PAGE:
7.4 Initial Biochemical Testing.

7.5 Follow-up Biochemical Testing.

7.6 Collection and Storage of Plasma and Urine Specimens.

7.7 Interferences from Diet and Drugs.

7.8 Pharmacologic Tests.

7.9 Additional Interpretative Considerations.

7.10 Summary.

8 Current trends in localization of pheochromocytoma.

8.1 Anatomical Imaging of Pheochromocytoma.

8.1.1 Computed Tomography.

8.1.2 Magnetic Resonance Imaging.

8.2 Functional Imaging of Pheochromocytoma.

8.2.1 MIBG Scintigraphy.

8.2.2 Positron Emission Tomography.

8.2.3 Somatostatin Receptor Scintigraphy (Octreoscan).

8.2.4 Current Imaging Algorithm.

9 Treatment of pheochromocytoma.

9.1 Medical Therapy and Preparation for Surgery.

9.2 Postoperative Management.

10 Future trends and perspectives.

10.1 Genomics in Pheochromocytoma Research.

10.2 Proteomics in Pheochromocytoma Research.

10.3 Future Therapeutic Modalities for Pheochromocytoma.

References.

Index

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Professor Karel Pacak put together the Pheochromocytoma Research Program at the NIH, one of the most prestigious and largest programs world-wide; published over 80 articles/book chapters on this topic. Introduced new biochemical and imaging approaches to this tumor, especially the use of 18F-fluorodopamine in localization of pheochromocytoma. He also developed new biochemical and imaging algorithms for pheochromocytoma for practicing physicians. Moreover, developed new animal model of metastatic pheochromocytoma. Currently working as the Chief of Section on Medical Neuroendocrinology, NICHD. He is also Professor of Medicine at Georgetown University, Washington DC and Charles University, Prague, Czech Republic.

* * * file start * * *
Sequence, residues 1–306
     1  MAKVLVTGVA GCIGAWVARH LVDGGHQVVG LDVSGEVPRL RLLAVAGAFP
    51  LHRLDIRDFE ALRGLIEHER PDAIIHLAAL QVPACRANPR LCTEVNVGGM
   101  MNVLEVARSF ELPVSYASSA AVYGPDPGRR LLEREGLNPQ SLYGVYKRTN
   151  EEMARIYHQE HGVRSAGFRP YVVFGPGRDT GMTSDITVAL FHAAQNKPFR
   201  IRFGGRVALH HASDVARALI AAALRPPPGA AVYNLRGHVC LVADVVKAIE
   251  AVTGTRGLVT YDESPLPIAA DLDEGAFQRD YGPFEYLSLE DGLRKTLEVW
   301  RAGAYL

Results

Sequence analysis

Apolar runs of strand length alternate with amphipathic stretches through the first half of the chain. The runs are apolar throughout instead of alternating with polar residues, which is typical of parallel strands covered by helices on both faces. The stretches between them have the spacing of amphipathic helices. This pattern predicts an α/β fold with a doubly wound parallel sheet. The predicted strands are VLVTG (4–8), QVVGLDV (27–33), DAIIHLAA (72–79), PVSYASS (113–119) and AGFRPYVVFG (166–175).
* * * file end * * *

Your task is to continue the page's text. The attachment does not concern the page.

Dr. Eisenhofer is a clinical biochemist with broad experience in basic and patient-oriented research on neuroedocrine and autonomic nervous system function in health and disease. Relevant achievements include codevelopment with Dr. Jacques Lenders of the first HPLC method for measurements of plasma free metanephrines, a test now used for improved biochemical diagnosis of pheochromocytoma. Dr. Eisenhofer was also responsible for initial development of 18F-fluorodopamine as a positron emission tomographic imaging agent for visualizing sympathetic nerves and neuroendocrine tumors. Dr. Eisenhofer co-chairs the Pheochromocytoma RESsearch Support ORganization (PRESSOR - http://www.pressor.org).

Professor Jacques Lenders did his medical study at the University of Nijmegen, the Netherlands. In 1982 he finished his training for internist and in 1988 he defended his thesis on ‘Blood pressure and catecholamines in essential hypertension’. From august 1991 till january 1993 he was ‘visiting associate’ at the ‘Clinical Neuroscience Branch’ of the ‘National Institute of Neurological Disorders and Stroke’ (National Institutes of Health’, Bethesda, USA). In 2005 he was appointed as professor of Vascular Medicine at the University Medical Center in Nijmegen, The Netherlands. He is deputy-chairman of the Department of General Internal Medicine.




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The most comprehensive book on pheochromocytoma

  • Provides cutting edge science and clinical guidance
  • Written by the leading names in the field
  • Authors present their recently developed novel biochemical test for the diagnosis of Pheochromocytoma
See More
“Important points are illustrated by tables [and] figures…that make the book easy to read. The information in this book is up to date and useful.”
Doody’s Review Service